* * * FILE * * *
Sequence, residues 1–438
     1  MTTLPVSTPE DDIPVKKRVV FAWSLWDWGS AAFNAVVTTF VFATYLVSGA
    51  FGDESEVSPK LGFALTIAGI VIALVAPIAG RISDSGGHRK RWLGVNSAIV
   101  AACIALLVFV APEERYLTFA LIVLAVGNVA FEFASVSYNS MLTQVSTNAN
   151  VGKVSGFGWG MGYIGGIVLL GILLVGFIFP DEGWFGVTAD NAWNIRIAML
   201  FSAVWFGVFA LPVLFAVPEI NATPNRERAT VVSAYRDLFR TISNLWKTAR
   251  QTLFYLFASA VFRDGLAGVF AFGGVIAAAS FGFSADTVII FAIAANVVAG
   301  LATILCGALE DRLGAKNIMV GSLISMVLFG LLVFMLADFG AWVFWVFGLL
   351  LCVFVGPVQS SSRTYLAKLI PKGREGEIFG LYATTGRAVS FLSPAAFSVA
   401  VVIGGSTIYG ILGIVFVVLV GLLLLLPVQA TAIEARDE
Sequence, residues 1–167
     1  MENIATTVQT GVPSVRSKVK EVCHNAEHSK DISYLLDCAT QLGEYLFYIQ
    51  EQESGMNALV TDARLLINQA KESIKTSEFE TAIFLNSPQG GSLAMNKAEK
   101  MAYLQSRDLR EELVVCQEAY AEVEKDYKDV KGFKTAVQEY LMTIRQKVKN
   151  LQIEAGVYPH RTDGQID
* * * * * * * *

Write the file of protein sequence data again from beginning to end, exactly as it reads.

Sequence, residues 1–438
     1  MTTLPVSTPE DDIPVKKRVV FAWSLWDWGS AAFNAVVTTF VFATYLVSGA
    51  FGDESEVSPK LGFALTIAGI VIALVAPIAG RISDSGGHRK RWLGVNSAIV
   101  AACIALLVFV APEERYLTFA LIVLAVGNVA FEFASVSYNS MLTQVSTNAN
   151  VGKVSGFGWG MGYIGGIVLL GILLVGFIFP DEGWFGVTAD NAWNIRIAML
   201  FSAVWFGVFA LPVLFAVPEI NATPNRERAT VVSAYRDLFR TISNLWKTAR
   251  QTLFYLFASA VFRDGLAGVF AFGGVIAAAS FGFSADTVII FAIAANVVAG
   301  LATILCGALE DRLGAKNIMV GSLISMVLFG LLVFMLADFG AWVFWVFGLL
   351  LCVFVGPVQS SSRTYLAKLI PKGREGEIFG LYATTGRAVS FLSPAAFSVA
   401  VVIGGSTIYG ILGIVFVVLV GLLLLLPVQA TAIEARDE
Sequence, residues 1–167
     1  MENIATTVQT GVPSVRSKVK EVCHNAEHSK DISYLLDCAT QLGEYLFYIQ
    51  EQESGMNALV TDARLLINQA KESIKTSEFE TAIFLNSPQG GSLAMNKAEK
   101  MAYLQSRDLR EELVVCQEAY AEVEKDYKDV KGFKTAVQEY LMTIRQKVKN
   151  LQIEAGVYPH RTDGQID